Breast Cancer (Facts, Stages) (cont.)
Melissa Conrad Stöppler, MD
Melissa Conrad Stöppler, MD, is a U.S. board-certified Anatomic Pathologist with subspecialty training in the fields of Experimental and Molecular Pathology. Dr. Stöppler's educational background includes a BA with Highest Distinction from the University of Virginia and an MD from the University of North Carolina. She completed residency training in Anatomic Pathology at Georgetown University followed by subspecialty fellowship training in molecular diagnostics and experimental pathology.
Charles Patrick Davis, MD, PhD
Dr. Charles "Pat" Davis, MD, PhD, is a board certified Emergency Medicine doctor who currently practices as a consultant and staff member for hospitals. He has a PhD in Microbiology (UT at Austin), and the MD (Univ. Texas Medical Branch, Galveston). He is a Clinical Professor (retired) in the Division of Emergency Medicine, UT Health Science Center at San Antonio, and has been the Chief of Emergency Medicine at UT Medical Branch and at UTHSCSA with over 250 publications.
In this Article
- Breast cancer facts
- What is breast cancer?
- What are the risk factors for breast cancer?
- What causes breast cancer?
- What are the different types of breast cancer?
- What are the signs and symptoms of breast cancer?
- How is breast cancer diagnosed?
- Screening for breast cancer
- Definitive diagnosis
- Specialized breast cancer testing
- What are the stages of breast cancer?
- What is the treatment for breast cancer?
- Surgery for breast cancer
- Radiation for breast cancer
- Hormone therapy for breast cancer
- Chemotherapy for breast cancer
- Targeted therapy for breast cancer
- Breast cancer treatment by stage
- What are the survival rates and prognosis for breast cancer?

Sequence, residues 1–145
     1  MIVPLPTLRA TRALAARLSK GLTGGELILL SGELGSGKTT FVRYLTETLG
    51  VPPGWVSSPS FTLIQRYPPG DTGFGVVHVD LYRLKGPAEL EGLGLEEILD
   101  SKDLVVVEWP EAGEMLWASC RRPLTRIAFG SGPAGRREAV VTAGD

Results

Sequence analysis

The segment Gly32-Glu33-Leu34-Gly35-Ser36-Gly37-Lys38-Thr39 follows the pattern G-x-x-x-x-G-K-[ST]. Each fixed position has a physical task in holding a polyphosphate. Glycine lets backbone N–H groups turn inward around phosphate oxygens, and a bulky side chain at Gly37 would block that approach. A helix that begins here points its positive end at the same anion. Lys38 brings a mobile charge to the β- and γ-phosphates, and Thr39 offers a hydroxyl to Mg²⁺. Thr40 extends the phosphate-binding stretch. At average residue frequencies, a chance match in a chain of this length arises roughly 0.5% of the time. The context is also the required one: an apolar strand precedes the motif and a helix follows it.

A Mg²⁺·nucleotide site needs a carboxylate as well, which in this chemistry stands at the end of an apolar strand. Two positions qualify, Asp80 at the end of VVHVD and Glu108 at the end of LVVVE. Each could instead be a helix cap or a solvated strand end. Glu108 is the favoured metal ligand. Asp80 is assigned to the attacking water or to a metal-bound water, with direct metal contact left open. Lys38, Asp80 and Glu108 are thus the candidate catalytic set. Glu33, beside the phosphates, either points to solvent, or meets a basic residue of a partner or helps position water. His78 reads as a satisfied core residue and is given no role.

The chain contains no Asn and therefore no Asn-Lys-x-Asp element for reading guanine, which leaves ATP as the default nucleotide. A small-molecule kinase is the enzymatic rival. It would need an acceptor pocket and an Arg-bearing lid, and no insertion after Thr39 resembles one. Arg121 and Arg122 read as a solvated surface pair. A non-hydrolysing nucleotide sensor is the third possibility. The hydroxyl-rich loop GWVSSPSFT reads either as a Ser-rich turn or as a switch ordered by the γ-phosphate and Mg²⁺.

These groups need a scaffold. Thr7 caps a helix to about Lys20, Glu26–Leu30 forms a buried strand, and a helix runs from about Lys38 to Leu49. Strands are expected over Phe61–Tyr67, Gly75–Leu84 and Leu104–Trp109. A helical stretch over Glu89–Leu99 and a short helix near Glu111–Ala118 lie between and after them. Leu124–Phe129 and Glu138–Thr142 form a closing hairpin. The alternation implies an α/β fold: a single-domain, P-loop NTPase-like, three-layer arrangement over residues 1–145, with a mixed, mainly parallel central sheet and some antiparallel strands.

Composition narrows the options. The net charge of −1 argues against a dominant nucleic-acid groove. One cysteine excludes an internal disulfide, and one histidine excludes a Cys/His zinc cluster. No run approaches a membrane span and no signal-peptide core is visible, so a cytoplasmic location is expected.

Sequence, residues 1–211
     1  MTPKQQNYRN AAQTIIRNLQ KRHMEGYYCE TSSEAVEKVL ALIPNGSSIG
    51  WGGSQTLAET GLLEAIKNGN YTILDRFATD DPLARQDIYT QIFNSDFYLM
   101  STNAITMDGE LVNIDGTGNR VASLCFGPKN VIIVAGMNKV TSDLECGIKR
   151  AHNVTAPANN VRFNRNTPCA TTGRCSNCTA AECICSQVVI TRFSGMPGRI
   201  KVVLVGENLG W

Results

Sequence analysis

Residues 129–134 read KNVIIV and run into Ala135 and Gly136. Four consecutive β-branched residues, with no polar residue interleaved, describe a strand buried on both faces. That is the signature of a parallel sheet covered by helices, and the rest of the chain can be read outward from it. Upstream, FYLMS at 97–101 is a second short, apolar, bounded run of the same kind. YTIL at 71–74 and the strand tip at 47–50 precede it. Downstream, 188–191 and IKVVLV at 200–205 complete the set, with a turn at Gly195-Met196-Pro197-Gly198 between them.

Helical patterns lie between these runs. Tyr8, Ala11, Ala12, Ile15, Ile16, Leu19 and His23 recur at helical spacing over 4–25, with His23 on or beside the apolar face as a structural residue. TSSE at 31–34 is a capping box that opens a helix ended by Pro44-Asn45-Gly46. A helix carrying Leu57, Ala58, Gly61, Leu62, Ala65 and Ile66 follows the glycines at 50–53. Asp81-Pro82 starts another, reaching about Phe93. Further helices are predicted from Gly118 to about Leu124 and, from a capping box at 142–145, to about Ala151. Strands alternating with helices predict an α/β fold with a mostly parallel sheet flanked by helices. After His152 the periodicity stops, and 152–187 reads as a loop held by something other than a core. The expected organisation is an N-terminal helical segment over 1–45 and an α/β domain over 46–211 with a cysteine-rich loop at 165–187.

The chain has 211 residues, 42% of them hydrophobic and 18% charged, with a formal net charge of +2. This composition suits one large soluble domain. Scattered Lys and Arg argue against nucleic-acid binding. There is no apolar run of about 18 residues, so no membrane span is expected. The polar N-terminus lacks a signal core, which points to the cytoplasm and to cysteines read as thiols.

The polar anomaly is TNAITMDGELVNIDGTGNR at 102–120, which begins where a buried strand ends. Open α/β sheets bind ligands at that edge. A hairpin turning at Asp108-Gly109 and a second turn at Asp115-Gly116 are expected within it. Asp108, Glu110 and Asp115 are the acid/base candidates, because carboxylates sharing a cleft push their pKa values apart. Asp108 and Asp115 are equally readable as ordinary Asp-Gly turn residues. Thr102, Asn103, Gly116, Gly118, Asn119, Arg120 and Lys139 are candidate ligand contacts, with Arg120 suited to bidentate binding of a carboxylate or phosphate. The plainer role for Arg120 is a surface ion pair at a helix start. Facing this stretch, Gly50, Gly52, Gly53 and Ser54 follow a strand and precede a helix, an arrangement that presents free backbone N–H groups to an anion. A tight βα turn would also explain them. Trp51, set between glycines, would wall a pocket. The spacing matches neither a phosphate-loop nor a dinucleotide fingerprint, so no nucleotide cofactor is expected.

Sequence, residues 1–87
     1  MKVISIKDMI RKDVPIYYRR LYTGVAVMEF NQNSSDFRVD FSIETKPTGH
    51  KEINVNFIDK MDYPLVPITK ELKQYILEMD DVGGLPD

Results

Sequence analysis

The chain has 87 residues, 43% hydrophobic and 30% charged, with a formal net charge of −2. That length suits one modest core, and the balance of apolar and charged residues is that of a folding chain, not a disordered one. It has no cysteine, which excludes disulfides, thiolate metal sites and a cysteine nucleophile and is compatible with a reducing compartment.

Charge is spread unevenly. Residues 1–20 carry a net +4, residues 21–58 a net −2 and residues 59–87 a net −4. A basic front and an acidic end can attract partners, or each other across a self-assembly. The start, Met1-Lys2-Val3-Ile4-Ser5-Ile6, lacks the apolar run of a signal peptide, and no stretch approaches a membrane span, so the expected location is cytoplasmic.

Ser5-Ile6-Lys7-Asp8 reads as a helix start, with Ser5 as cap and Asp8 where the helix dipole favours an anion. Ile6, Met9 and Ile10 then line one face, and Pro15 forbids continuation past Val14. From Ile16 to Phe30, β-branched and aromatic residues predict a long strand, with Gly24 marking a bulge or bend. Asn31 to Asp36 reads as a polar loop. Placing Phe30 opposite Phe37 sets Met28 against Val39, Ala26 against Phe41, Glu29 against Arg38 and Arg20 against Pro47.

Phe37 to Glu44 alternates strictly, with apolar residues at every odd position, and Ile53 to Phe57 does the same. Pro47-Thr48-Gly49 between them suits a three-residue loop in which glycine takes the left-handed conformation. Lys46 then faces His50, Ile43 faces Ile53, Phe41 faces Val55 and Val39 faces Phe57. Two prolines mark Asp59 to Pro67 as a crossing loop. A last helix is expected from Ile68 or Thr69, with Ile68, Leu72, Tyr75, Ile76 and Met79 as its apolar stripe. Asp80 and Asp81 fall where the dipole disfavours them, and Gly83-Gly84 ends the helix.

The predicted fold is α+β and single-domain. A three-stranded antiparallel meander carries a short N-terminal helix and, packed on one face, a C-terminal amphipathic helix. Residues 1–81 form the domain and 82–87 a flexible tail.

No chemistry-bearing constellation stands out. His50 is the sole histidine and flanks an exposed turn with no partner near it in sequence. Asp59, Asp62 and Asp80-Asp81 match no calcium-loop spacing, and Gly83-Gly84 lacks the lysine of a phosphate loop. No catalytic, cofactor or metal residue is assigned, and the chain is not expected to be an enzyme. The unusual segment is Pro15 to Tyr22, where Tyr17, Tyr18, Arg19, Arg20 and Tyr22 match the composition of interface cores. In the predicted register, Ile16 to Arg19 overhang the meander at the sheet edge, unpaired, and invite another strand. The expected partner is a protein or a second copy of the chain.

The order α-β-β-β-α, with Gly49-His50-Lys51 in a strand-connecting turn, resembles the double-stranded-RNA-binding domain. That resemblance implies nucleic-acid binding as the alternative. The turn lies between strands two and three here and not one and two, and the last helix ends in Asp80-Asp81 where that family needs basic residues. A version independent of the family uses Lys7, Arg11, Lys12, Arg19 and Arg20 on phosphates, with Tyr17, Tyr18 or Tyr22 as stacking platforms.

- What research is being performed on breast cancer?
- Can breast cancer be prevented?
- Breast Cancer FAQs
- Find a local Oncologist in your town
How is breast cancer diagnosed?
A variety of tests are used for the diagnosis of breast cancer.
Screening for breast cancer
Screening mammography has made it possible to detect many breast cancers before they produce any signs or symptoms. While there is no doubt that mammography is important, recommendations regarding frequency and age at which women should begin receiving screening mammography differ slightly between different organizations and task forces.
The American Cancer Society (ACS) recommendations for breast cancer screening are as follows:
- Women age 40 and older should have a screening mammogram every year. They should continue to do so as long as they are in good health.
- Women should have a clinical breast exam (CBE) as part of regular health exams by a health-care professional about every three years for women in their 20s and 30s and every year for women 40 years of age and over.
Mammography is generally of greater benefit in older women than in younger women, because younger women frequently have more dense breasts, and there is a higher incidence of false-positive mammography results in younger women. The addition of ultrasound examination to screening mammography can be of value in screening younger women at higher risk or who have dense breast tissue.
Because of these limitations of mammography in younger women, the U.S. Preventive Services Task Force recommends that routine yearly screening mammography begin at age 50. Women aged 40 to 49 are encouraged to discuss their situation with their health-care practitioner to decide on the appropriate time to begin screening mammography.
Breast self-examination (BSE) is an option for women starting in their 20s. Women should report any breast changes to their health-care professional.
If a woman wishes to do BSE, the technique should be reviewed with her health -care professional. The goal is to feel comfortable with the way the woman's breasts feel and look and, therefore, the woman can detect changes in her breasts if they do not feel or look normal.
For some women at higher risk of developing breast cancer, the addition of MRI scanning is recommended as a screening tool. The American Cancer Society recommends that women at high risk for breast cancer (greater than 20% lifetime risk) receive an MRI and a mammogram every year. Women at moderately increased risk (15%-20% lifetime risk) should discuss the benefits and limitations of adding MRI screening with their health-care professional.
Women should discuss with their doctor about how often and when they should begin screening tests.
Next: Definitive diagnosis
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